Ahn has promised to donate half of his AhnLab shares to charity, with $62 million worth converted and provided to the Ahn Foundation earlier this year. His current holdings in the company are worth about $210 million.
Talk of Ahn’s presidential ambitions flared a year ago when he considered running in Seoul’s mayoral election but gave up his bid at the last minute to throw his support behind liberal lawyer and activist Park Won-soon. His backing helped Park, whose approval rating had initially hovered around 5 percent, win the election.
In July, Ahn published a book that laid out his thoughts on major issues the country faces and quickly became a bestseller. In it, he stresses the need to increase spending on welfare systems, reform family-run chaebol conglomerates such as Samsung and Hyundai and promote fairness and transparency.
On North Korea, Ahn says peaceful economic cooperation with the northern rival could provide South Korea with a new growth engine, with its natural resources, tourism assets and cheap labor. Ahn criticizes Lee for initiating a hardline policy on North Korea, and the president’s liberal predecessors for causing an ideological divide in the country over whether they pampered the North with unconditional assistance.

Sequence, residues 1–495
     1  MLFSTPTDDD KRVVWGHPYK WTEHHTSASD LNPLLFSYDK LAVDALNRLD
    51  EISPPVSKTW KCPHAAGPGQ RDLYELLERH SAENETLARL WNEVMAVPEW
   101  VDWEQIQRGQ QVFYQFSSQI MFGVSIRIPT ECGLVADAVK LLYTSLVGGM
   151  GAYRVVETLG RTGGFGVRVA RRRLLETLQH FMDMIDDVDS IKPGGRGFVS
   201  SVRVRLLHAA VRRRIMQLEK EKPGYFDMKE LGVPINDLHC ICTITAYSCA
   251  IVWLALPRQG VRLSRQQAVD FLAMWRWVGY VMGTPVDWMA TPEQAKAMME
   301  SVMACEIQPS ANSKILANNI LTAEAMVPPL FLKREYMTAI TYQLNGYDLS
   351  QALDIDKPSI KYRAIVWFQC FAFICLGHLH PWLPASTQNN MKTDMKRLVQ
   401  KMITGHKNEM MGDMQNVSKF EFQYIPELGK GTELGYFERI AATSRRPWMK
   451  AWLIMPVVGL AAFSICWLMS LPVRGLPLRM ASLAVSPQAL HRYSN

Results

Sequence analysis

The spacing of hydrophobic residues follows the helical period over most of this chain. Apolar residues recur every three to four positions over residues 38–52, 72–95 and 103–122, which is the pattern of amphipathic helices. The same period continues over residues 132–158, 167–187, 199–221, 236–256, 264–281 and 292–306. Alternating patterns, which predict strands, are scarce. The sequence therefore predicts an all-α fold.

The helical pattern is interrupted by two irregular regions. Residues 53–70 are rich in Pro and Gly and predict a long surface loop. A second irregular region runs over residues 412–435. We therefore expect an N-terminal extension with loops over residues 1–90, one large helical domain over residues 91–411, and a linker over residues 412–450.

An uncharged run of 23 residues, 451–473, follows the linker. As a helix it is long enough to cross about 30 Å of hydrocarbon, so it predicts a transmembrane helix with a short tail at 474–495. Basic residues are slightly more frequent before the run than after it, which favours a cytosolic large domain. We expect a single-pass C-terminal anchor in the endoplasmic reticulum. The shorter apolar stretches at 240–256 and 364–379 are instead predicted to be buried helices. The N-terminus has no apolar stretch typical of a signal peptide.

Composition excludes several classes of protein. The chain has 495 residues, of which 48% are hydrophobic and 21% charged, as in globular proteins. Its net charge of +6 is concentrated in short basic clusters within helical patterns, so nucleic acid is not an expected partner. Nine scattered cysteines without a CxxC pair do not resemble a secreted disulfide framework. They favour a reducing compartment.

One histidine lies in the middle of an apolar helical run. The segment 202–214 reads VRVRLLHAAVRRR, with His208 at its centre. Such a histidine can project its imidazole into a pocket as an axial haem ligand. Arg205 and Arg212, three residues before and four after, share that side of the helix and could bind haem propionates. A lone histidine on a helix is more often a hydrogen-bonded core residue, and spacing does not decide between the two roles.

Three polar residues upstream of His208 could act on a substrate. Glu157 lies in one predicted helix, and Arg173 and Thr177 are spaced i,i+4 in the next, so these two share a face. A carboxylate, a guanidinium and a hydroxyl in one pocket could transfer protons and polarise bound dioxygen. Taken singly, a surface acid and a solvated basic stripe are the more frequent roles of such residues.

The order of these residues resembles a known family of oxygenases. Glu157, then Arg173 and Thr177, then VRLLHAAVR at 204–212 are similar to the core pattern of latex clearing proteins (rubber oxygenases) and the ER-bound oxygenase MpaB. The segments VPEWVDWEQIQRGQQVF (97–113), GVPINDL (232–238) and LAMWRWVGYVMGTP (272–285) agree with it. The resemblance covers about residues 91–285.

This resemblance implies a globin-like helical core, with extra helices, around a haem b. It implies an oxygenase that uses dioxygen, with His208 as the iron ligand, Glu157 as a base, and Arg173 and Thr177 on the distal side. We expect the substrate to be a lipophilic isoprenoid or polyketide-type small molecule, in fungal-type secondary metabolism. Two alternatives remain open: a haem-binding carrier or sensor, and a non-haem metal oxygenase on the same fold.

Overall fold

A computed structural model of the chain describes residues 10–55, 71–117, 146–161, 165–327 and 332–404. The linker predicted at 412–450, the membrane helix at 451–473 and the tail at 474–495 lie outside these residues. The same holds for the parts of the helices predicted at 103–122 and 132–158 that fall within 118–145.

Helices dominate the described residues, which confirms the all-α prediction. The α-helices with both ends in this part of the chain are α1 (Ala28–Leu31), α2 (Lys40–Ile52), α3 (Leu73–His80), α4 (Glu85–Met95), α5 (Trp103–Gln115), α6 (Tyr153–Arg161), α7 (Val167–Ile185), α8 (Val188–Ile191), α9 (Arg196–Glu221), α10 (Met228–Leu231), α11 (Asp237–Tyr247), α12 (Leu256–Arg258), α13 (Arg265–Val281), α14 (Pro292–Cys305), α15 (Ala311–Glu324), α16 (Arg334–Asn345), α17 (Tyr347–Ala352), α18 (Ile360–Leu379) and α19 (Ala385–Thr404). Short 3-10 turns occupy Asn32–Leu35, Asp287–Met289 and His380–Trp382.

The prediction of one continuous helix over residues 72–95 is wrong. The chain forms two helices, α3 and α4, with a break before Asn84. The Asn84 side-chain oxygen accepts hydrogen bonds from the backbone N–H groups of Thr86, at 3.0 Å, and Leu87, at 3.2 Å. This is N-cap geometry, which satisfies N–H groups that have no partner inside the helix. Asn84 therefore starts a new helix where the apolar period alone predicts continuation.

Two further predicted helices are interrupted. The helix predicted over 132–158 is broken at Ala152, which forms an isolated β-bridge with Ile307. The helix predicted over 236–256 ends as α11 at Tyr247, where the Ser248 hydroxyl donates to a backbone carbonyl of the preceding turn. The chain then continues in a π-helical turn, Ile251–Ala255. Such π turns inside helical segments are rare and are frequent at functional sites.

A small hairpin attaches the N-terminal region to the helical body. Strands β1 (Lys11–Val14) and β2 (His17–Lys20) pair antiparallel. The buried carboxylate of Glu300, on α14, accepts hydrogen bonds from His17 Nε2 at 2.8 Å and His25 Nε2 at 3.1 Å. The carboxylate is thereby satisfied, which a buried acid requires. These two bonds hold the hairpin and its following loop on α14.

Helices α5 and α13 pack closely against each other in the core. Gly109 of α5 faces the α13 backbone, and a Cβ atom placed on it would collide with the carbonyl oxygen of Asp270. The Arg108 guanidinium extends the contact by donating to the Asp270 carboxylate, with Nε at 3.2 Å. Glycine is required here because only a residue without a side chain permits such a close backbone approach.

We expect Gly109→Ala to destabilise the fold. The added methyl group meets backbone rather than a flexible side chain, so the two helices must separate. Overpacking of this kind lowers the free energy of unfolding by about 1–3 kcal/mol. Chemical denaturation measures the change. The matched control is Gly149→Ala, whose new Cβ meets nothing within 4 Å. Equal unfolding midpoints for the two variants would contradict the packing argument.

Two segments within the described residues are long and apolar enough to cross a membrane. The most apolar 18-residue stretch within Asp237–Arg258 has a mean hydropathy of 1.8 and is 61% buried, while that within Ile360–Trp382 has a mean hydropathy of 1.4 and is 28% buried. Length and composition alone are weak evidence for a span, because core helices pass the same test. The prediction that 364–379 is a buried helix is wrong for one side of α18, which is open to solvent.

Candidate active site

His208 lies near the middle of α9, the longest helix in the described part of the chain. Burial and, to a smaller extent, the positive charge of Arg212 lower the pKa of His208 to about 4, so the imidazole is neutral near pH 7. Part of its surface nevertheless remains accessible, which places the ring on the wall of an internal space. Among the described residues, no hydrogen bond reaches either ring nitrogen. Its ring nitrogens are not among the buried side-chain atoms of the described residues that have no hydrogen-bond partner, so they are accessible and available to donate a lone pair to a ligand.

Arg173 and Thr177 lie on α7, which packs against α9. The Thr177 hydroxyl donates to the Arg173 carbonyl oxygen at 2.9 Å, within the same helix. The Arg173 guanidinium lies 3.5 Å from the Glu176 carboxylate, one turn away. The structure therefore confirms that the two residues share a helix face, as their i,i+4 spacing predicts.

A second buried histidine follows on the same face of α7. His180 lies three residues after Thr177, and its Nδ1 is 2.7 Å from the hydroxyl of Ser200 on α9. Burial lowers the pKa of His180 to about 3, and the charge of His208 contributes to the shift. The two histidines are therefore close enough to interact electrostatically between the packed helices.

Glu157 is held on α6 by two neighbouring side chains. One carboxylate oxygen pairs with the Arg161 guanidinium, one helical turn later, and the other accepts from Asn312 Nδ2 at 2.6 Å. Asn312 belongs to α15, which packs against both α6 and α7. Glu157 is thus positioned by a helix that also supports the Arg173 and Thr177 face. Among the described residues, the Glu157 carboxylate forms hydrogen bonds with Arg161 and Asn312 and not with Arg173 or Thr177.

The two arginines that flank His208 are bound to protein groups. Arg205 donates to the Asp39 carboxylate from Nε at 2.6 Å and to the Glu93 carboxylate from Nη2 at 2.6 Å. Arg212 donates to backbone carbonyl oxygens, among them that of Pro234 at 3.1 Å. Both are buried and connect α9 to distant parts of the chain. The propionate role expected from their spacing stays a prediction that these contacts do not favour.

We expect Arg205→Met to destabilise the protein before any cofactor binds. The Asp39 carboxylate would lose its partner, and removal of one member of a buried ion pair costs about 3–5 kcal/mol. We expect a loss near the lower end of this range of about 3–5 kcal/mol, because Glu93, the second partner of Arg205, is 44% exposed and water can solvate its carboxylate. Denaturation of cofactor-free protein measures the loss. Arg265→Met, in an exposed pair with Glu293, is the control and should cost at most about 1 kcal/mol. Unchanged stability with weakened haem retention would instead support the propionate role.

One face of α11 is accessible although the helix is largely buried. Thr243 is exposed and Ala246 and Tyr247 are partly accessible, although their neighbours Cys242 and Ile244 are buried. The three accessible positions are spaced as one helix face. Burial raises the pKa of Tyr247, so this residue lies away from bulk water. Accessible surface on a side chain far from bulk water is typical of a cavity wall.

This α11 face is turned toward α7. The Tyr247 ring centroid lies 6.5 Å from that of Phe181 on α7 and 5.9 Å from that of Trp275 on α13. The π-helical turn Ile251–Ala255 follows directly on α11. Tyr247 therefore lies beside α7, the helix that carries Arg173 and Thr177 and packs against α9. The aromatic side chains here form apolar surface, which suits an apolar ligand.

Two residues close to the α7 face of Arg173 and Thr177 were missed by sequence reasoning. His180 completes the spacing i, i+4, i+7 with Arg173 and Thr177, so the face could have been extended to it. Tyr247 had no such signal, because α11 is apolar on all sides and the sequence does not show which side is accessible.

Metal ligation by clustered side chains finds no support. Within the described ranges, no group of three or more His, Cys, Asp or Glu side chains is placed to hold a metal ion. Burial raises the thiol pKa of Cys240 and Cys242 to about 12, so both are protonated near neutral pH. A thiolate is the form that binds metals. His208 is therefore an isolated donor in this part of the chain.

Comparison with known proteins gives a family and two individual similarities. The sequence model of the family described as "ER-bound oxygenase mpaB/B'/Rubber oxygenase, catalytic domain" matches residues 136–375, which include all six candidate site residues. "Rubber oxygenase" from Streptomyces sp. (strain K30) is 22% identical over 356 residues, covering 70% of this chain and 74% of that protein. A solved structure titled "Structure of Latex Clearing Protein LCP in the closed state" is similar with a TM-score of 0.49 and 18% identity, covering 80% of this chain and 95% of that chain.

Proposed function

Ahn had been vague about his presidential ambitions until last month, triggering questions over whether he is indecisive or just wanted to give his opponents less time to scrutinize his qualifications. Ahn has said he needed time to think about whether he is capable of leading the country.
Ahn’s critics also aren’t impressed with his book, saying it lacks concrete details on his policies and action plans.
Hong, the university professor, said he has ‘‘very big concerns’’ about Ahn’s readiness to be president.
‘‘We cannot do politics only with ideals,’’ he said.